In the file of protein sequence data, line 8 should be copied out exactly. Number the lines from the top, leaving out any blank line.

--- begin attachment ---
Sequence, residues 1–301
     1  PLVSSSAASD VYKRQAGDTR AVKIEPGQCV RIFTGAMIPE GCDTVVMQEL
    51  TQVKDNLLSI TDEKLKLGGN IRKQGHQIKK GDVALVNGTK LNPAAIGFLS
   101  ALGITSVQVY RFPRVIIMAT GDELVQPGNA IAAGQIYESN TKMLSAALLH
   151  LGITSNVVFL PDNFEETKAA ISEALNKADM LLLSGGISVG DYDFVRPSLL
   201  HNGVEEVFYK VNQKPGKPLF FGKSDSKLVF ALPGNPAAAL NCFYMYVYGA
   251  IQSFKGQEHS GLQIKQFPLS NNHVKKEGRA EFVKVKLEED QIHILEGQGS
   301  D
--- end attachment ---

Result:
   301  D